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 I also rise with a great deal of pride this evening to reflect on the magnificent people of Gippsland and say thank you to them for their resilience during these very difficult times. These have been troubling times, Mr Speaker, as you well know, and it’s easy to become a bit despondent, a bit dejected, even frustrated, as we go through months of lockdown and other challenges. Disaster fatigue is a very real threat in our communities, and it’s so important that we continue to work together and support each other during these difficult days. In Gippsland, we have experienced a succession of disasters. There has been the drought, the Black Summer bushfires, coronavirus and its impact on our community, and then the storms and floods. You’d well remember those storm, Mr Speaker. I’ve never seen so many trees come down, causing so much damage across such a broad area of Victoria. Our challenge in this place, as leaders in our own communities, is to make sure we don’t ever fall into the trap of talking ourselves down as a nation and as a community. We can be extremely proud of ourselves as Australians and what we’ve been able to achieve in the last 20 months. We need to provide optimism and hope for our communities to make sure that they are capable of bouncing back as the opportunities present themselves.

We have so much to be thankful for in this country, and I have so much to be thankful for in my own community of Gippsland, seeing the ways the first responders have rallied. Whether it’s the police, the ambulances, the fire services, the SES, or the Australian Defence Force during the Black Summer bushfires, I want to thank them. I want to thank the medical workers—the doctors and nurses on the front line, the receptionists and all the allied health workers—who’ve managed to keep doing their work during the pandemic, making sure that critical services are being supplied to our community. Then there are people like the transport operators, the truck drivers, the frontline retail workers and the people working on farms, making sure that products still get to market. They’ve been incredibly resilient and have stuck together, and I thank my community for that.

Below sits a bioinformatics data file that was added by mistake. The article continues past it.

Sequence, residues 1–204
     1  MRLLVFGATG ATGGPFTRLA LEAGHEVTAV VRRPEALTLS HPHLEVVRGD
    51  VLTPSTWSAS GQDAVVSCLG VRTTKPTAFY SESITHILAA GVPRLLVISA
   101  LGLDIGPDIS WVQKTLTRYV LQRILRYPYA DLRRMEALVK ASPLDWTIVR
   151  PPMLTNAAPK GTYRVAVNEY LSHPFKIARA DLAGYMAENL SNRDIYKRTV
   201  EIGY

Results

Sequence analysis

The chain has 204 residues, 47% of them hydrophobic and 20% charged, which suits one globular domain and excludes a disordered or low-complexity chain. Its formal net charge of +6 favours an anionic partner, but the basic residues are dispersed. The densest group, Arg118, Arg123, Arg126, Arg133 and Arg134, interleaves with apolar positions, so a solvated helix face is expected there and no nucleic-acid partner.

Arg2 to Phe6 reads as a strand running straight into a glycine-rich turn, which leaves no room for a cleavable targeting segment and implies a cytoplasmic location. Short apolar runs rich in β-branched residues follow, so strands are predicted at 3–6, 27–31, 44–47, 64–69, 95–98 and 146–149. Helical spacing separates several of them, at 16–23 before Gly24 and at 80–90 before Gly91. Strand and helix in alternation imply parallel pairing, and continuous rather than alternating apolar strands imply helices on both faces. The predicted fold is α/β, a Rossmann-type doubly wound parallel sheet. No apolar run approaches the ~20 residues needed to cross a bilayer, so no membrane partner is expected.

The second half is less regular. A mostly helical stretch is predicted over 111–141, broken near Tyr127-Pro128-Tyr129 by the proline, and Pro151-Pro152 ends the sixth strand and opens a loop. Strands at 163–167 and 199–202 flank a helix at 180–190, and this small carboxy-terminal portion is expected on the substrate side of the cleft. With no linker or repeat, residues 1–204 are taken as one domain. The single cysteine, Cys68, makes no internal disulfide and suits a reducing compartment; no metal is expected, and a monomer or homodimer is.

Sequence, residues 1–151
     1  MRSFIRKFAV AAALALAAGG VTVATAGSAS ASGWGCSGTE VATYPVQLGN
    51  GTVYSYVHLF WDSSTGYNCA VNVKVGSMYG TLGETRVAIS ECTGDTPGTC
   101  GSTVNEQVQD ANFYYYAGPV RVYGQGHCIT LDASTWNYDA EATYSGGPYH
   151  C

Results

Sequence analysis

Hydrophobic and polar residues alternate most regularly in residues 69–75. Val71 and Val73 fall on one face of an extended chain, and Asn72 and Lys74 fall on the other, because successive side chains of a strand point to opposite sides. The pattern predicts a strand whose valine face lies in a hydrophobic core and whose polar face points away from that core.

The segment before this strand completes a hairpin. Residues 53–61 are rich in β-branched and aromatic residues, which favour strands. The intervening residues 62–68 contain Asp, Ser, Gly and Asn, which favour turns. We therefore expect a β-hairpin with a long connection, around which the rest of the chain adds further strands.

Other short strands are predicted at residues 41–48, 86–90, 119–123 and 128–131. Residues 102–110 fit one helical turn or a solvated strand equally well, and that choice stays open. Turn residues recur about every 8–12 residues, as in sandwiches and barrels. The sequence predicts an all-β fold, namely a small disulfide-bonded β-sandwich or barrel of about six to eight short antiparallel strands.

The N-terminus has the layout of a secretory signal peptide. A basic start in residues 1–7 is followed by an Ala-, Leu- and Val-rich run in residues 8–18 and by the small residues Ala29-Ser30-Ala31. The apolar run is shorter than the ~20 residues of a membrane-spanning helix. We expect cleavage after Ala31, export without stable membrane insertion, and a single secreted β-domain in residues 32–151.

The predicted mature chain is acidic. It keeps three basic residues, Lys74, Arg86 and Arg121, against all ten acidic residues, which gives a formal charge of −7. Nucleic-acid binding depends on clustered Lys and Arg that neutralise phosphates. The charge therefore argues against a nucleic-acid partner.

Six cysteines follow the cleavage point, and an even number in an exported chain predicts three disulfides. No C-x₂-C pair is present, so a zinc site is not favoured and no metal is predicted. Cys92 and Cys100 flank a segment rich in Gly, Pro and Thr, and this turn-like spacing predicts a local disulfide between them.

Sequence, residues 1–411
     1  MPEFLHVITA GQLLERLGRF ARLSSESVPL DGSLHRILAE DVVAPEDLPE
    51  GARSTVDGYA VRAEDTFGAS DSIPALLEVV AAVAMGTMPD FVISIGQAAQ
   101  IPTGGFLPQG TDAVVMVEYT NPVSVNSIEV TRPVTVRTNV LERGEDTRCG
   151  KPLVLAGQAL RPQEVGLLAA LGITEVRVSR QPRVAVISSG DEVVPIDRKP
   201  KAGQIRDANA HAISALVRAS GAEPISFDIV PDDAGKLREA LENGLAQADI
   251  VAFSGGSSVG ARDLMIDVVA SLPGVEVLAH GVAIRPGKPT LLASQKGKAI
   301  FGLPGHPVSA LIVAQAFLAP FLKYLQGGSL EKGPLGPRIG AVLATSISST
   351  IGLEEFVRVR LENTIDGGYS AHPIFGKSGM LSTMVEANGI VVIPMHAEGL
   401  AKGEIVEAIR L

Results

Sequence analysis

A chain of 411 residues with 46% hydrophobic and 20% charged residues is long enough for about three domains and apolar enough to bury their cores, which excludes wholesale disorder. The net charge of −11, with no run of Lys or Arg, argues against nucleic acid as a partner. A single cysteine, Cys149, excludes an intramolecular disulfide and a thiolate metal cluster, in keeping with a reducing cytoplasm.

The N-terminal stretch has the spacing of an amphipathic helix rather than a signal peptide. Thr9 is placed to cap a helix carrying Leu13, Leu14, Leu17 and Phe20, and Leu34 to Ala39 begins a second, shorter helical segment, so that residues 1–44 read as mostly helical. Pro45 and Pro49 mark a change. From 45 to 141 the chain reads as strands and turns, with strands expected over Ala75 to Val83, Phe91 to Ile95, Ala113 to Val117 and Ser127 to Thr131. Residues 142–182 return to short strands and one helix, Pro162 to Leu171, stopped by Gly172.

Finally, tonight I want to reflect a little bit on the students as they approach their year 12 exams. This generation of students has been tested in incredible ways, when you think about it. The last two years of schooling in Victoria have seen an enormous number of days lost due to lockdown and students learning from home. Their resilience has been tested incredibly. I say to those student: think about the oldest person you’ve ever met. They’re probably about 100. Those people were born at the time of the last pandemic, the Spanish flu. They grew up during the Great Depression, when money was short. There was food rationing. It was a very difficult time in Australia. Then they served in World War II. Many of them lost their mates. Those who survived—some injured, some carrying the scars for life—returned to Australia and created this incredible nation that we enjoy today. In many ways they are regarded as the greatest generation of Australians. The young people today, studying and preparing for their exams, have been tested, but there is no reason for them to have anything other than hope, optimism and confidence that they too can be a great generation of Australians. So I say to them: never give up. Take some heart from the previous generations. Recognise the enormous opportunities that are there for you in the future. Think about what you can become rather than what you’ve lost in these last couple of years.

It is with enormous pride that I stand here tonight. I’m incredibly thankful to the people of Gippsland for the opportunity to represent them here during these really difficult times. As I said in my opening comments, we have every reason to be confident going forward, as the lockdowns start to ease. As we just heard from the member for Lalor, the vaccination rates are increasing right across Victoria. We’re going to start to enjoy some freedoms that we may almost have forgotten about in recent months.

So I say to people: as those freedoms come onstream, try to support your local business community. Try to support the hospitality sector, which has been through a tough time. Try to take a break, if you can, in your own state or your own local region and support those local jobs. By putting those local businesses first in these times, you’ll make sure there are jobs there for your family, for your kids, in the future and that we continue to make positive strides forward together as a region, as a state and as a great nation. I thank the House.

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